On Ferran Adrià and elBulli
Though it closed several years ago, elBulli holds a mythical status in the world of high-end restaurants. Located in the town of Roses in Catalonia, it won best restaurant awards for several years, and for over a decade held three Michelin stars. The key man behind its success and renown was head chef Ferran Adrià, an interesting figure even if you are not interested in haute cuisine.
Adrià has a mad genius approach to cooking, not only using wild combinations of ingredients, but also reinventing methods to cook and serve food. He would make foams from carrots, pearls from lobsters, spheres from olives, all in a kitchen that resembled a laboratory, a style of cooking often (though controversially) referred to as “molecular gastronomy.” He would take traditional cooking techniques and flip the processes on their head and reinvent them. And he very rarely repeated things: thousands of dishes were created, and creative sessions were vital to his daily regime.
Uniquely for a celebrity chef, Adrià has achieved international fame without popularizing himself through any cheap television shows. He is now mostly involved in various educational and creative endeavors, though even after reading several articles and interviews with him about them, they don’t seem to be very clear. But creativity and research were always a vital part of elBulli, so there might be some end to it.
A line from him in a New York Times interview sums up his ethos: “you don’t have to be passionate to be creative; you can just be professional about innovation”. While I described him as a mad genius earlier, perhaps “mad scientist” would be more accurate as he is methodical, scientific and professional. But he’s still a bit mad. From the same interview:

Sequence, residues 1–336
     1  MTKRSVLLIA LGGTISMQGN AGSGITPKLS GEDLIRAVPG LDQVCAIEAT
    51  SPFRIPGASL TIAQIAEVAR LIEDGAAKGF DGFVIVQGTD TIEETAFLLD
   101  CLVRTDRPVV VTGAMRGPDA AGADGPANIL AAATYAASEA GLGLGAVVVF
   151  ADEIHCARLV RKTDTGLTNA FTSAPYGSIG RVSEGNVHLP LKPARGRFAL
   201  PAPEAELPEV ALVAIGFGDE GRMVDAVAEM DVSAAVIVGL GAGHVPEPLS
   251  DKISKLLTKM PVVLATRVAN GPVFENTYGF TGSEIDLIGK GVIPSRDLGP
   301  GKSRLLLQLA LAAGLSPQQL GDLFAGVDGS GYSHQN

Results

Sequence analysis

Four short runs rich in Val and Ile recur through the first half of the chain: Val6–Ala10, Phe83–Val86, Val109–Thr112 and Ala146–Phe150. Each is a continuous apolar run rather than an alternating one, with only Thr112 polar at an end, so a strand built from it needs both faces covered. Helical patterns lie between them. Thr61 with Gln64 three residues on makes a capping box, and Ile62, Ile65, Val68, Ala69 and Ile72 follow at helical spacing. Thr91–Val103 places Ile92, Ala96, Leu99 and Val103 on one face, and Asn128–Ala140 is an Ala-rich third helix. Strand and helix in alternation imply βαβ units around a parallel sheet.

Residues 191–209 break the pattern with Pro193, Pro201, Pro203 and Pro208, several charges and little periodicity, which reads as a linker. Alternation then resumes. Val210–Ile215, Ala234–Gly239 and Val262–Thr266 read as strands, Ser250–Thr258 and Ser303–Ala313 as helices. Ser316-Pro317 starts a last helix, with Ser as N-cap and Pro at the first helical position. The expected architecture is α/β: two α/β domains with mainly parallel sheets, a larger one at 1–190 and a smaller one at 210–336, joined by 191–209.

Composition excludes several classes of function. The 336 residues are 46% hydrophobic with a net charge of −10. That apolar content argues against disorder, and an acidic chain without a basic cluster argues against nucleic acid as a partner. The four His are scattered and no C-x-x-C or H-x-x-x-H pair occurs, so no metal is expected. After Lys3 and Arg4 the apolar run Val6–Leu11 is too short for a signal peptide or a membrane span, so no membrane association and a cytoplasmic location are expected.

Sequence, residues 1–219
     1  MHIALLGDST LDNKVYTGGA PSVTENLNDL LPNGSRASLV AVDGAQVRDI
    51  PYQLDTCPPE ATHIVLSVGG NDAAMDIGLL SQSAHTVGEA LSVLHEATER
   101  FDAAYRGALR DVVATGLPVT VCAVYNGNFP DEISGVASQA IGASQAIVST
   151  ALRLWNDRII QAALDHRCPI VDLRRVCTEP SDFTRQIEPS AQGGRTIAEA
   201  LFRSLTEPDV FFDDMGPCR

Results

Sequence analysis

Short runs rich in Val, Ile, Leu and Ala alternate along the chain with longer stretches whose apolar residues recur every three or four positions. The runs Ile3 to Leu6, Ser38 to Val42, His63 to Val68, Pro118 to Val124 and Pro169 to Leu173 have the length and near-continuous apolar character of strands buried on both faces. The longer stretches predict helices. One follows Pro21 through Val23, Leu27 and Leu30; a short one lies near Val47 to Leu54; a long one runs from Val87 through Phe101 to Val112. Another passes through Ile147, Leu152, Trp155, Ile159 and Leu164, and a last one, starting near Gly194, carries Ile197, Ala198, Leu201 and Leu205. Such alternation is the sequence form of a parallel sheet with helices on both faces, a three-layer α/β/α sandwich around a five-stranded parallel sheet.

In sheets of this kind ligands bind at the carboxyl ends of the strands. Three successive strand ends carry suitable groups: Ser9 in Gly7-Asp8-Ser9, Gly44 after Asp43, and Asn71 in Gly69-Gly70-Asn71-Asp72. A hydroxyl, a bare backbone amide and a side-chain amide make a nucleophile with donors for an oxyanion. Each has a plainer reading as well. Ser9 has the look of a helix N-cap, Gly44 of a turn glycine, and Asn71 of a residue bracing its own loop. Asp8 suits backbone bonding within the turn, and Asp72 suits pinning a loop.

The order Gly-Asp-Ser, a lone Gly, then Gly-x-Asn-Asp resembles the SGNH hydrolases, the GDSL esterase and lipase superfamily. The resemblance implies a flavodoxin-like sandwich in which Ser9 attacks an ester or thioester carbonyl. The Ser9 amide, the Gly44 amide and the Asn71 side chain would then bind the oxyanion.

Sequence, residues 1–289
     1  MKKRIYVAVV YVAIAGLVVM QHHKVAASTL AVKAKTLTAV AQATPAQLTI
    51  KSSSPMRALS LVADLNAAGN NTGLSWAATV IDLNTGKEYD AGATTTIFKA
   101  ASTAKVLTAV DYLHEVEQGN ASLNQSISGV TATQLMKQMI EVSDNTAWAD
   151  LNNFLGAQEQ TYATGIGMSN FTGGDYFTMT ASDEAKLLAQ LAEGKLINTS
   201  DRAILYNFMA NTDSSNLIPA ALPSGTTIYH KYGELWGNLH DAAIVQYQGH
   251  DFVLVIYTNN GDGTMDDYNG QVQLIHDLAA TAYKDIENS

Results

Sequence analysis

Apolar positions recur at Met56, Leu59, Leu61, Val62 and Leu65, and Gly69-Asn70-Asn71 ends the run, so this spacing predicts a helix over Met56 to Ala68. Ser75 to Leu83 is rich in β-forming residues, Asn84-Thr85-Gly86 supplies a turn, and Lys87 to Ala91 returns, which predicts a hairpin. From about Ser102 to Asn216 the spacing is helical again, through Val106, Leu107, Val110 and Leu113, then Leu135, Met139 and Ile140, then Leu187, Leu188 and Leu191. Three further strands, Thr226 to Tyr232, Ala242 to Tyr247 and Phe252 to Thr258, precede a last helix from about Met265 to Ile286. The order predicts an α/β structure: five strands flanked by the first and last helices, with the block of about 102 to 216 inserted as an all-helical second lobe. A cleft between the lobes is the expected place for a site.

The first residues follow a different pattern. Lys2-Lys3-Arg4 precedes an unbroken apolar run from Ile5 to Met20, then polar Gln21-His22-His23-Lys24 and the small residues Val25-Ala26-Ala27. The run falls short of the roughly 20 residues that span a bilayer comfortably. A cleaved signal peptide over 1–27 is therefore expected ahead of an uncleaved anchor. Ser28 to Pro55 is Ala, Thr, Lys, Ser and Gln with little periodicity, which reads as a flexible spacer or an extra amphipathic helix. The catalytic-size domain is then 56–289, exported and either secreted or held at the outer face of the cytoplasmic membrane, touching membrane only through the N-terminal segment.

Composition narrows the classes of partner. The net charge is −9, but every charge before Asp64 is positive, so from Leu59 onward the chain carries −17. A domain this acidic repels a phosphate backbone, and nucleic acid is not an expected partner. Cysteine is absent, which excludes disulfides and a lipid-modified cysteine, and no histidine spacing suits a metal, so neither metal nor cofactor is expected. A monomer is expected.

As [Adrià] walked, he riffed on a few of the various questions he had spewed earlier in the day: What is an iPhone? What is technology? What is lettuce? ‘It took me eight months to understand this,’ he said, referring to the lettuce. He was not kidding.”
On Catalan independence (a rant), Part 2:
The inchoate coalition for Catalonia
The Catalan elections are often full of various party mergers, coalitions, splintering factions, et cetera, but they usually fall under three broad ideological bases: centrist, leftist, and quasi-anarchist. These bases have recently siphoned off support from their non-separatist counterparts in Catalonia’s politics. Thus, we are left with a broad political spectrum of supporters for and opponents to the idea of an independent Catalonia.
I find the core argument for independence from the centrists, who are also the largest group in the movement, to be quite troubling. If we remove the emotional coding from their arguments (which, honestly, makes up the bulk of their rhetoric), the centrist argument for independence basically boils down to not wanting to pay taxes to Madrid when Catalonia receives less back. In other words, they disagree with the idea that the wealthiest region of Spain (Catalonia) pays more in taxes than it receives. This is basically a rejection of the whole premise of taxation, in which tax transfers are meant to occur from wealthier to poorer parts of society. Keep in mind, of course, that this party is not a radical libertarian party; they are liberals, pro-business and pro-EU. Suffice it to say, I have trouble taking this line of argument as anything other than childish objections from middle class rabble-rousers.